Yarn: Quince & Co. Osprey, Cypress colorway, 4 skeins
Needles: size 9 addi lace circulars
Mods: I made the bottom ribbing 13 rows long to match the length of the neck/front ribbing
What you should know: knit a swatch and wash it! My swatch grew by 1/4 stitch per inch after washing.
Baby Leaflet Specs -
Yarn: Quince & Co. Chickadee, Parsley colorway, 2 skeins
Needles: size 4 addi lace circulars
Actual Size: 21.25"
Mods: I only changed two things (other than gauge) for the baby version. First, I worked the body without any waist shaping. Second, I only worked 10 rows of neck/front ribbing but that was because I was worried about running out of yarn. I might have made it but I couldn't be sure and I didn't want to have to rip back in order to be able to finish the sleeves.
It also makes a great chew toy. She was munching on the shoulder the entire time we were taking pictures.
As for my Leaflet, it's comfy and cozy. And it holds up tolerably well to baby drool. She spent plenty of time gnawing on my shoulder, too. Now we'll just have to see if I'll wear it.
Friday, September 2, 2011
I adore knitting with handspun. There's something really fun about watching the colors and textures shift subtly as you work. Besides, I get to look down and say "I made that!" Twice. It never ceases to amaze me and this particular project is no exception.
Maybe "colorway" is more appropriate.
There's more green in there than you can see in this shot. And the yarn is from that gorgeous braid of BFL/silk top from the Portland Fiber Gallery that my sister sent me for my birthday a few months ago. Oh, why did I go click over to their Etsy shop? That almost got me in trouble the last time I posted about this company, too.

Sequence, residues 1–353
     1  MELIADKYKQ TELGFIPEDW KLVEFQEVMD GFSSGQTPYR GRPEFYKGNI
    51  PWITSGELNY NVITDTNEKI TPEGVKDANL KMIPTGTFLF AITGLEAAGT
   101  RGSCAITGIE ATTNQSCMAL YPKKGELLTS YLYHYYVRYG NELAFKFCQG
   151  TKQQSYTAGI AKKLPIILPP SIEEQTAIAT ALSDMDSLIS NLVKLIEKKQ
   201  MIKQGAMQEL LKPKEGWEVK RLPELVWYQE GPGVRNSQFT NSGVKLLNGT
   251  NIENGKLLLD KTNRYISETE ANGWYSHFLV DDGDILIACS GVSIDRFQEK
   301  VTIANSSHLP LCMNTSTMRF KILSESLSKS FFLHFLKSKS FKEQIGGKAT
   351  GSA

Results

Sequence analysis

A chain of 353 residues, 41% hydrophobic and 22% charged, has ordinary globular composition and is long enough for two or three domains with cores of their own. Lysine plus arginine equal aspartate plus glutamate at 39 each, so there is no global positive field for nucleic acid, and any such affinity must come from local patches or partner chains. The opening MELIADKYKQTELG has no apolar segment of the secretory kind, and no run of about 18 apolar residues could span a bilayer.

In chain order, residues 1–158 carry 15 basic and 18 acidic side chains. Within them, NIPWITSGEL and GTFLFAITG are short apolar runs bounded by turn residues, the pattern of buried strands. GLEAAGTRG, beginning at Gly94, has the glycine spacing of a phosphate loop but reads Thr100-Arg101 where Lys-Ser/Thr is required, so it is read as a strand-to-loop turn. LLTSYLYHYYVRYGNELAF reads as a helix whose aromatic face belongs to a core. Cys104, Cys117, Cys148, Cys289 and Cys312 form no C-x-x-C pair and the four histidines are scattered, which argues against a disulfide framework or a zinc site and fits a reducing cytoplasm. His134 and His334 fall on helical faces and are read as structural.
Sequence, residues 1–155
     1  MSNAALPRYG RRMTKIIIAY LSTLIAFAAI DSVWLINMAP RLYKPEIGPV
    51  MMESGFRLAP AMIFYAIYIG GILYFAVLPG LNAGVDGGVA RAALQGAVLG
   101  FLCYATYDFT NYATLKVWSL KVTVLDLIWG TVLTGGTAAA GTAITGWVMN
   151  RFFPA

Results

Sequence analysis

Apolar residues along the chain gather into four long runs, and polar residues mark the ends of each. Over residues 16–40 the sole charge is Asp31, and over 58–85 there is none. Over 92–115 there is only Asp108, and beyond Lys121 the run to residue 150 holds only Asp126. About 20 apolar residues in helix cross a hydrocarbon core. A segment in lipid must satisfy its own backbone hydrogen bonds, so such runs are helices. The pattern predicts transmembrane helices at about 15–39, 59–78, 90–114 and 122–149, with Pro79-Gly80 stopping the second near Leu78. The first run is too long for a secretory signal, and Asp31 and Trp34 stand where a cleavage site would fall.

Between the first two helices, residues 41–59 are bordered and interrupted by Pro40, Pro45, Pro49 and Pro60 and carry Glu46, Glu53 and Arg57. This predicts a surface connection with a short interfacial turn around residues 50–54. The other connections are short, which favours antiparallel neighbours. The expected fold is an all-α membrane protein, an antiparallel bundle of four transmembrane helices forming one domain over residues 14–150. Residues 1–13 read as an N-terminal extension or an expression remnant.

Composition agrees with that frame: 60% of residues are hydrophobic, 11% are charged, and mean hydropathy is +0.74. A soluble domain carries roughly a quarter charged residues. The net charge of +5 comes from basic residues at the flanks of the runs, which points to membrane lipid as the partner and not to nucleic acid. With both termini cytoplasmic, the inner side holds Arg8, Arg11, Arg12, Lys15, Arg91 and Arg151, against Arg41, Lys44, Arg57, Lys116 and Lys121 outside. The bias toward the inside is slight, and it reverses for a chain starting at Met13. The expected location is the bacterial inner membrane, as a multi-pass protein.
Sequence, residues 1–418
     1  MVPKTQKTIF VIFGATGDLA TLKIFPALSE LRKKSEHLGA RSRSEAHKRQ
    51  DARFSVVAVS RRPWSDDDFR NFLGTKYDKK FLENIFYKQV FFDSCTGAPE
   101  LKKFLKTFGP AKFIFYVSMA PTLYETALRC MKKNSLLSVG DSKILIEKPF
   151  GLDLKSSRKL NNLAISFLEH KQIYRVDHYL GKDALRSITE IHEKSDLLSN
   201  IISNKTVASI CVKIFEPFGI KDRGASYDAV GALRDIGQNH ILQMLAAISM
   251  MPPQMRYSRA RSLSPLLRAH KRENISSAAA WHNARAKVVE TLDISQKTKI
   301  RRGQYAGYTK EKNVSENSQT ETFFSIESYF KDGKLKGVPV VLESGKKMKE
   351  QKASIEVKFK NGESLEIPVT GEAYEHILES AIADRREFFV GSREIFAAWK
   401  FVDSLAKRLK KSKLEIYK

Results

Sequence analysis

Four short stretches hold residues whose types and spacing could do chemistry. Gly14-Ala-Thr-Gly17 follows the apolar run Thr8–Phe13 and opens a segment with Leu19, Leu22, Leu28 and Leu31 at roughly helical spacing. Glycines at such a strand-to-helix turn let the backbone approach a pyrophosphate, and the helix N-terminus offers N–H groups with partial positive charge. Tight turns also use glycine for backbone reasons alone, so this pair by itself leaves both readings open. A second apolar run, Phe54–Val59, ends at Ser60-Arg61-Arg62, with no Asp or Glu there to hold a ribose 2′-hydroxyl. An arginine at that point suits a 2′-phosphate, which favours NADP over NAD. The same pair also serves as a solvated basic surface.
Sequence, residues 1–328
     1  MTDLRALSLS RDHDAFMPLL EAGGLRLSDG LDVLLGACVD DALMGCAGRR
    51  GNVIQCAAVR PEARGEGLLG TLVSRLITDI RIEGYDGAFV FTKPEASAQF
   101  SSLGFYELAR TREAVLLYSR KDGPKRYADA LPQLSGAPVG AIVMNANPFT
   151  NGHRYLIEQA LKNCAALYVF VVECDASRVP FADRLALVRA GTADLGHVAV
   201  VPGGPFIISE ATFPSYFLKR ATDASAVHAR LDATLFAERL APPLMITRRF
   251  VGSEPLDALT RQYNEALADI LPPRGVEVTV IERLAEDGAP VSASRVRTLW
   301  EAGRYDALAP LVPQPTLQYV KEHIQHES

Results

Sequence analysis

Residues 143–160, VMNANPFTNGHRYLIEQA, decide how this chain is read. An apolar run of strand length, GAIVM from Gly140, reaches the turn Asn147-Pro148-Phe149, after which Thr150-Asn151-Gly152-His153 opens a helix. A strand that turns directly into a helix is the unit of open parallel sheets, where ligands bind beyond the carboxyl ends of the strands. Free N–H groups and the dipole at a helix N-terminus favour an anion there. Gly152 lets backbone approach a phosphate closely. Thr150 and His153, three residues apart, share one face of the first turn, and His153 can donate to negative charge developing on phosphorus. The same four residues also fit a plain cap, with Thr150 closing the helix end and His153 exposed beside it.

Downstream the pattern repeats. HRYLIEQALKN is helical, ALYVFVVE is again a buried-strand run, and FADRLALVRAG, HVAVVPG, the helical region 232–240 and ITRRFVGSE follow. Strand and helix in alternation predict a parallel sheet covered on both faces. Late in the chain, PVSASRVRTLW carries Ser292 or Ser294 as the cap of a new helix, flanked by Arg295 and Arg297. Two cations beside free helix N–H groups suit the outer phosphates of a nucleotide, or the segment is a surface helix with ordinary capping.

I've finished the first - stockinette - section of the wrap and am waiting until my sidekick is asleep for the night before continuing since the next row will require some attention and counting. Not the best plan when she could wake up from her nap at any time now.
My other active project right now is Simmer Dim. That's right, I found it! Who knew that I kept project bags under a pillow on the couch? Not me, for about a week. I'm using malabrigo lace and loving it just as much as ever.
I'm still plugging away at the center triangle section but even garter stitch is a joy to knit in this yarn.
What about those two Leaflets? I actually wove in the ends and washed the baby version last night. It's so humid here that I think it's going to take at least another day to dry.
I'm curious to see how much the fabric grows. My swatch of the Quince Osprey grew by about a quarter of a stitch per inch when it got wet. I didn't swatch for this one out of Chickadee so it'll be a surprise.
The unblocked sweater seemed to fit reasonably well.
But it was a little hard to tell since my model wouldn't hold still for the camera - she's discovered the joys of rolling. Maybe once she can sit up unassisted it'll be easier to get modeled shots.
I'll block my Leaflet soon, possibly tonight. It's tough to be motivated about an aran weight wool sweater when it's 90 degrees outside.
So for now I'm going to plug away at my lace knits and figure out how much of my stash I have to knit through before I can go buy yarn for Catkin.
Along the same lines, here's a puzzler for you: if I want to make Stripe Study with a skein of tosh sock in the stash but need to buy a second skein, too, does that second skein count as adding to the stash when buying it will mean I'd use up both the new skein and the old one? I think it'll have to depend on whether my LYS has the color I'm looking for.